The Night my 2-Year-Old Wouldn’t Go to Sleep

The Night my 2-Year-Old Wouldn’t Go to Sleep

This afternoon I was out for several hours with my daughter at an appointment, and then running a bunch of errands downtown. When I finally made it home at 8:30 PM, I was wiped out, and not very pleased to discover my 2-year-old, Yonatan, who is usually asleep by 7:30, wide awake.

The family member who had watched the kids for me explained, “He was dirty, so I gave him a bath, and then he fell asleep around 5 PM for 2 hours. And now he’s up again.”

My response, clouded by equal doses of exhaustion and frustration, was not well-thought-out or diplomatic or thankful in the least towards this family member who had just watched the kids all afternoon.

Pointing at Yonatan, I said bluntly, “This is a disaster. When you give him a bath he gets tired and goes to sleep, no matter what time it is. Now he’ll be up forever. Don’t do that the next time!”

So there I was, delirious from exhaustion, with a bunch of kids to get to bed and a 2-year-old to keep me company and drive me crazy until G-d knows when.

I lay down on the sofa, and tried to get some rest while I call out some orders related to toothbrushing and clothing-changing.

And then I did some thinking, re Yonatan.

In the Power Series course I started 3 weeks ago, teacher Dina Friedman gave us some homework.

Every day this week, when we have to do something we don’t really want to do, we need to ask ourselves the following questions:

1. What do you want?
2. Why do you want it?
3. How would you like to feel?

Here’s how I did the homework one day this week when I had to clean up the downstairs and really would have rather done anything but.

Before I started cleaning, I asked myself Dina’s 3 questions:

What do you want?
For the house to be clean.
Why do you want this?
Cause I need to start cooking and I would rather start with a clean kitchen.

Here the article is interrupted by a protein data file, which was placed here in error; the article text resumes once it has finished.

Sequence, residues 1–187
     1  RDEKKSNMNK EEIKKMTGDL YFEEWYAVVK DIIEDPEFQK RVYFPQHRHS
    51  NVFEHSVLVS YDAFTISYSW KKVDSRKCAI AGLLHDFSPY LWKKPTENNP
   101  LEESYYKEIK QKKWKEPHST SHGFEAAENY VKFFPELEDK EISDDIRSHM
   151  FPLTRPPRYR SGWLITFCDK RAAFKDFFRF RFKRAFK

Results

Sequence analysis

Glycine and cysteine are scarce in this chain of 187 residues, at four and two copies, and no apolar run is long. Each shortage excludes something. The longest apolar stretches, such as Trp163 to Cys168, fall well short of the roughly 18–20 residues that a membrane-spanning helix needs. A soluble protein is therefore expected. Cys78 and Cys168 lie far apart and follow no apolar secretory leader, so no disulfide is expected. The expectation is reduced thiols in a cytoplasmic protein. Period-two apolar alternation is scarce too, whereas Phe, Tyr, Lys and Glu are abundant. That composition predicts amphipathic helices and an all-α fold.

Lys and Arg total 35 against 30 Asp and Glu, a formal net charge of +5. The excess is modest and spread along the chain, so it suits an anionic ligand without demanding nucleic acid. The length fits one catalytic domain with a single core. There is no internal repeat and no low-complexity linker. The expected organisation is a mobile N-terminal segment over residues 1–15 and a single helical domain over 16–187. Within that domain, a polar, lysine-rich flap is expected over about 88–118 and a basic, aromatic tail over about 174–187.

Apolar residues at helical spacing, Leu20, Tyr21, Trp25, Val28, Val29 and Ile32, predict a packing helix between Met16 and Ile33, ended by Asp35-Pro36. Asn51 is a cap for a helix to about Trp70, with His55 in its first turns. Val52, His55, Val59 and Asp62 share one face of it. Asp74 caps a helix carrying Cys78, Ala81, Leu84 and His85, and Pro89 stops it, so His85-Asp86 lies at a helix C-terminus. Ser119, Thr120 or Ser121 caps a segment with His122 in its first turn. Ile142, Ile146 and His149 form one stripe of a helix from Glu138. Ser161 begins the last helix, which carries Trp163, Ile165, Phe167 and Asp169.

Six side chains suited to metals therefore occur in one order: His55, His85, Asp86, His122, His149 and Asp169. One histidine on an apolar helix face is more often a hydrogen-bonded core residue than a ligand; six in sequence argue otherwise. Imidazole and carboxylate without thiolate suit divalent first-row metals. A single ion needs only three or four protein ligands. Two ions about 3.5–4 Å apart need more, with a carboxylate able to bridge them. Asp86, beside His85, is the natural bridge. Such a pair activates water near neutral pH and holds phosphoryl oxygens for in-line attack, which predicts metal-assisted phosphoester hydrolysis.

How would you like to feel?
I would like to feel so happy and relieved to have such a spic and span house.

So tonight, lying on the sofa, I resolved to do today’s homework on my wide-awake 2-year-old.

“What do you want?” I asked myself.
“To be in a good mood even though Yonatan will be awake when I’d so much rather be done with toddler-duty for the day.”
“Why do you want this?” I asked myself.
“Because I’d rather have a pleasant evening than a grouchy, frustrated ‘why is he still up!’ evening.”
“How would you like to feel?” I asked myself.
“I would like to feel happy and even enjoy Yonatan’s company.”

And yanno what? It worked.

In the end I had a sweet time with Yonatan (he did look so cute, his wispy blond hair positively floating on top of his post-bath head).

And Moriah and I joked around with him (Moriah asked, “Yoni, who is cuter, Moriah or Yoni?” Yonatan’s response, “Abba!”)

And when he started getting tired, I held him on my lap, and he nodded off to sleep at 10 PM (not as terrible as I’d thought) and I sang him HaMalach HaGoel for the first time in his life, and thought how this was a shampoo-scented memory I would cherish forever.


  1. Oh wow, that is so sweet and powerful!

  2. Great advice, thank you!

  3. You gotta hear this! So I was reading this article while nursing my baby to sleep. I started asking myself the 3 questions about something I didn’t want to do when I was done nursing – making lunches for my children.
    What do I want? I want lunches to be made by someone else.
    Why do I want it? I don’t like always finally being free of baby demands and then having to remember to take out food all over again and sort it into lunch bags.
    How do I want to feel? I want to look forward to doing lunches like I look forward to folding laundry (which I really do!)

    I stepped out of the room and my ten year old said, “Guess what?! Tatty taught me how to make tuna and I made everyone’s lunches for you!”

    As I hugged her, I yelled, “Hey, it works!”

  4. Wow, that touched my heart, so sweet, so special, so precious, ty for sharing! Love those questions, could’ve used them at 2:30 am when 19 month old was up and crying.😊

  5. that technique sounds super similar to the work ive been doing from a workbook called “excuse me your life is waiting for you workbook”
    highly recommend!

  6. I really loved this it has so many applications beyond young children and can be carried forward to any life situation and stage. Thanks. ‘Mom’

  7. I hope you had a chance to rebuild the connection with your daughter. Nice that you could switch your mood!

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